Click here to load reader

Meeting the Challenges in Evaluating Mobile Learning: a 3 ... ... Published in Vavoula, G. & Sharples, M. (2009) Meeting the Challenges in Evaluating Mobile Learning: a 3-level Evaluation

  • View
    0

  • Download
    0

Embed Size (px)

Text of Meeting the Challenges in Evaluating Mobile Learning: a 3 ... ... Published in Vavoula, G. &...

  • HAL Id: hal-00593001 https://hal.archives-ouvertes.fr/hal-00593001

    Submitted on 13 May 2011

    HAL is a multi-disciplinary open access archive for the deposit and dissemination of sci- entific research documents, whether they are pub- lished or not. The documents may come from teaching and research institutions in France or abroad, or from public or private research centers.

    L’archive ouverte pluridisciplinaire HAL, est destinée au dépôt et à la diffusion de documents scientifiques de niveau recherche, publiés ou non, émanant des établissements d’enseignement et de recherche français ou étrangers, des laboratoires publics ou privés.

    Meeting the Challenges in Evaluating Mobile Learning: a 3-level Evaluation Framework

    Giasemi Vavoula, Mike Sharples

    To cite this version: Giasemi Vavoula, Mike Sharples. Meeting the Challenges in Evaluating Mobile Learning: a 3-level Evaluation Framework. International journal of mobile and blended learning, 2009, 1, 2, pp.54-75. �10.4018/jmbl.2009040104�. �hal-00593001�

    https://hal.archives-ouvertes.fr/hal-00593001 https://hal.archives-ouvertes.fr

  • Published in Vavoula, G. & Sharples, M. (2009) Meeting the Challenges in Evaluating Mobile Learning: a 3-level Evaluation Framework. International Journal of Mobile and Blended Learning, 1,2, 54-75.

    1

    Meeting the Challenges in Evaluating Mobile Learning: A 3-level Evaluation Framework

    Giasemi Vavoula, Department of Museum Studies, University of Leicester, UK

    Mike Sharples, Learning Sciences Research Institute, University of Nottingham, UK

    ABSTRACT We propose six challenges in evaluating mobile learning: capturing and analysing learning in context and across contexts, measuring mobile learning processes and outcomes, respecting learner/participant privacy, assessing mobile technology utility and usability, considering the wider organisational and socio-cultural context of learning, and assessing in/formality. A three-level framework for evaluating mobile learning is proposed, comprising a micro level concerned with usability, a meso level concerned with the learning experience, and a macro level concerned with integration within existing educational and organisational contexts. The paper concludes with a discussion of how the framework meets the evaluation challenges and with suggestions for further extensions.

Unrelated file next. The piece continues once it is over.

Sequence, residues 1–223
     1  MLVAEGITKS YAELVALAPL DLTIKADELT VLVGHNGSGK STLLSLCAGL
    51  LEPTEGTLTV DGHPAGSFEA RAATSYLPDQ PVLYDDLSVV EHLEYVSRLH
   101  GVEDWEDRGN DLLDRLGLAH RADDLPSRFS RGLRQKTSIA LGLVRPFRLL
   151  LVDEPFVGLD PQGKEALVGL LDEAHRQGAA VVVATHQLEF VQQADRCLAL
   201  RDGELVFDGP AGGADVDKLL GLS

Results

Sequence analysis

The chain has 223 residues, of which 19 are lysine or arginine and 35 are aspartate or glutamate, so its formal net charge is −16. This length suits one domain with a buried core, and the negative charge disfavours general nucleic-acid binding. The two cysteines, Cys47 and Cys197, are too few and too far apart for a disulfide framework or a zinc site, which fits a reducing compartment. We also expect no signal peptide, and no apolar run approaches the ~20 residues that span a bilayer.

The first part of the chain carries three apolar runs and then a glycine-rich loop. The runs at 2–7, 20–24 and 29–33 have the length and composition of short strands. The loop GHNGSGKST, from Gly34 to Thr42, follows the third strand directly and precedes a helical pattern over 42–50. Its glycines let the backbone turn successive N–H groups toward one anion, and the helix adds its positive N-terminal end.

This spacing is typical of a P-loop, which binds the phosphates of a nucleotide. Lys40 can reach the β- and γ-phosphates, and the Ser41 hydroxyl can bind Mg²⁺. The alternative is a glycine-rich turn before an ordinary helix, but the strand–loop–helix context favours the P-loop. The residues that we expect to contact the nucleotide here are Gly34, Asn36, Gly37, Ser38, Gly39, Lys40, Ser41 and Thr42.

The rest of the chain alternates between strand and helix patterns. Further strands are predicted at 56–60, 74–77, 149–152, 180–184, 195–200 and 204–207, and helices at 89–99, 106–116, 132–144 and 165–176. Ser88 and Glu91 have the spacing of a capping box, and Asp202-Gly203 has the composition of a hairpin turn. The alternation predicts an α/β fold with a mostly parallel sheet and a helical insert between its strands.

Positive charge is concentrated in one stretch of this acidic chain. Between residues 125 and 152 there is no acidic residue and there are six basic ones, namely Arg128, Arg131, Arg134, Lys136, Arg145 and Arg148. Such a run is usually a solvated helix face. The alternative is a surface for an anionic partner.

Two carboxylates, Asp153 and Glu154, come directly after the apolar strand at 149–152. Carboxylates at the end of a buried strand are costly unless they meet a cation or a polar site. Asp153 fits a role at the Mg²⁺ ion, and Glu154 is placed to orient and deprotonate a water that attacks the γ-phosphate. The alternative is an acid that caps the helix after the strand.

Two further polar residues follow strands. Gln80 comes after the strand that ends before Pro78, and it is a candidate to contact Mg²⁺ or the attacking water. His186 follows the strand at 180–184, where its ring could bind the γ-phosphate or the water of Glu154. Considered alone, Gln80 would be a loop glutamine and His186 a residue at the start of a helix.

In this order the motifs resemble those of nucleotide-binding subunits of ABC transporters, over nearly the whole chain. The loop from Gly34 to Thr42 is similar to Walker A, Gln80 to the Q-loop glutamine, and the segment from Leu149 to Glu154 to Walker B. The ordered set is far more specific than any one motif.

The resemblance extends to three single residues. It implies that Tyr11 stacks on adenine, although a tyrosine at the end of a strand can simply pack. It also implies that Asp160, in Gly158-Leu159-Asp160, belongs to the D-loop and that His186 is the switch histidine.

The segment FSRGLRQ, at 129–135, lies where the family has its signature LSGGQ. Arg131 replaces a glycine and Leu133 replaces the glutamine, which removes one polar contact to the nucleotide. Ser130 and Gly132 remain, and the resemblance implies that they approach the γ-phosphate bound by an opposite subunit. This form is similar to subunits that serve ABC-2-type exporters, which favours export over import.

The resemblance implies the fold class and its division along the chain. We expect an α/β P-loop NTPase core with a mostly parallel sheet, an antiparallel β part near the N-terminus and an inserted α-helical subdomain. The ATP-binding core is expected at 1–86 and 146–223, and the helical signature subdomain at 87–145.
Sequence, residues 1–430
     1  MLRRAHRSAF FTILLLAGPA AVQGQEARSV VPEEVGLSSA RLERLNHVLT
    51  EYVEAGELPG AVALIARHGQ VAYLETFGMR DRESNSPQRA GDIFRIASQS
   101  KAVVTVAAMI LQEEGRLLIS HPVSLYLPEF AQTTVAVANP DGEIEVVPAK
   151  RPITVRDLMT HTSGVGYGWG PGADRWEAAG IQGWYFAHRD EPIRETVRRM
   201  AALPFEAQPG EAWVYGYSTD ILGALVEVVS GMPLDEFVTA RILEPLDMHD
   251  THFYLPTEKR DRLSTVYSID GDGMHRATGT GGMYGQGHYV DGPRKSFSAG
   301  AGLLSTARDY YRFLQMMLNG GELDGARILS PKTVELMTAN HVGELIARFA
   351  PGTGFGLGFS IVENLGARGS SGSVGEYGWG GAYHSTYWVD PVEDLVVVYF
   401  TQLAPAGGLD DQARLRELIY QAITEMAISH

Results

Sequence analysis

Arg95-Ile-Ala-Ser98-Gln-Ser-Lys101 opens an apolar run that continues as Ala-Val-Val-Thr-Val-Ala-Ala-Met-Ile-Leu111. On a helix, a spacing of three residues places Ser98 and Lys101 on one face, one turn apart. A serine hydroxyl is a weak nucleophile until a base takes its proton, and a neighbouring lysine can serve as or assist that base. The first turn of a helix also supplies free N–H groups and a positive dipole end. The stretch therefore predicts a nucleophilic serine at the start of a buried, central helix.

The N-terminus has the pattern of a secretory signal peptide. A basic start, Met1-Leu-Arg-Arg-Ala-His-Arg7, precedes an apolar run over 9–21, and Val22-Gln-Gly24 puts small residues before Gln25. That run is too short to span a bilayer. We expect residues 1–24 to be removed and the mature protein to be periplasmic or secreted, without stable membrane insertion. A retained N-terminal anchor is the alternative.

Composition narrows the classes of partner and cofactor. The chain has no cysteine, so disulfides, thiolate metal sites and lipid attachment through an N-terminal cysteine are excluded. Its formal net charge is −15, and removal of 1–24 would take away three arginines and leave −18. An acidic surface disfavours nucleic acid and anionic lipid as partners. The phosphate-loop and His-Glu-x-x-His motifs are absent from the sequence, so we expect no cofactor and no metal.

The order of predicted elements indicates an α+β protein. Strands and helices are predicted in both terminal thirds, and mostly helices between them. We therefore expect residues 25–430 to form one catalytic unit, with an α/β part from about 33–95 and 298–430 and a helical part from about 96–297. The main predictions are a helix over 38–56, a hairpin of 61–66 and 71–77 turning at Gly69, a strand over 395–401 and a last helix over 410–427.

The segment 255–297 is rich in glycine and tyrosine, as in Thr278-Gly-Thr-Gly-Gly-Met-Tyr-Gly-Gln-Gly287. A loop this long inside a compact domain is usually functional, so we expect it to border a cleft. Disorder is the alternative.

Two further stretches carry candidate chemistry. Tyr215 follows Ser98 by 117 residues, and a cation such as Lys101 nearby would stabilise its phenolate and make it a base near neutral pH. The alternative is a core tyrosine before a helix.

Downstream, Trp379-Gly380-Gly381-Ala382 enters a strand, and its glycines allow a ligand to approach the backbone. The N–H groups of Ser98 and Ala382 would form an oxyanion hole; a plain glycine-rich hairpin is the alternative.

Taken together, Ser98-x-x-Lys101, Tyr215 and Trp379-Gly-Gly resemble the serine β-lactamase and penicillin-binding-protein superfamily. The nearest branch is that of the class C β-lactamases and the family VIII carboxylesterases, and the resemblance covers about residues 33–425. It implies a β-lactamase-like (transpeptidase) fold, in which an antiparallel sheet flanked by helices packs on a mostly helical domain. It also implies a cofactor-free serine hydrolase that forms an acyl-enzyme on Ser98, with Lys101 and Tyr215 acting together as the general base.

Keywords Mobile learning evaluation; learning context; evaluation framework; learning outcomes; ethics; informality and formality of learning; requirements for evaluation.

    Introduction Mobile learning is a relatively new research area, with the first research projects appearing in the second half of the 1990s and the first international research conferences less than a decade ago. It is a field whose practice has not yet been standardised in terms of research frameworks, methods and tools. Thankfully, mobile learning has a lot of common ground with related research areas including Technology-Enhanced Learning (TEL) and Mobile Human-Computer Interaction (mobileHCI). ‘Borrowing’ frameworks and methods from these areas has been common practice for early mobile learning research, providing researchers with useful starting points.

    As our conceptions and understanding of mobile learning deepen, these ‘borrowed’ frameworks and tools might no longer be adequate. We now appreciate mobile learning not just as learning that is facilitated by mobile technology, but also as the processes of coming to know through conversations and explorations across multiple contexts amongst people and personal interactive technologies (Sharples et al. 2007a). Such evolving conceptions introduce challenges to all aspects of mobile learning research, including evaluation. As the field matures, our frameworks and tools need to address these challenges.

    In this paper we summarise six challenges in evaluating mobile learning: capturing and analysing learning in context and across contexts, measuring the processes and outcomes of mobile learning, respecting learner/participant privacy, assessing mobile technology utility and usability, considering the wider organisational and socio-cultural context of learning, and assessing in/formality. The paper proposes an evaluation framework with three levels: a micro level concerned with usability, a meso level concerned with the learning experience, and a macro level concerned with integration within existing educational and organisational contexts. The paper demonstrates how this framework has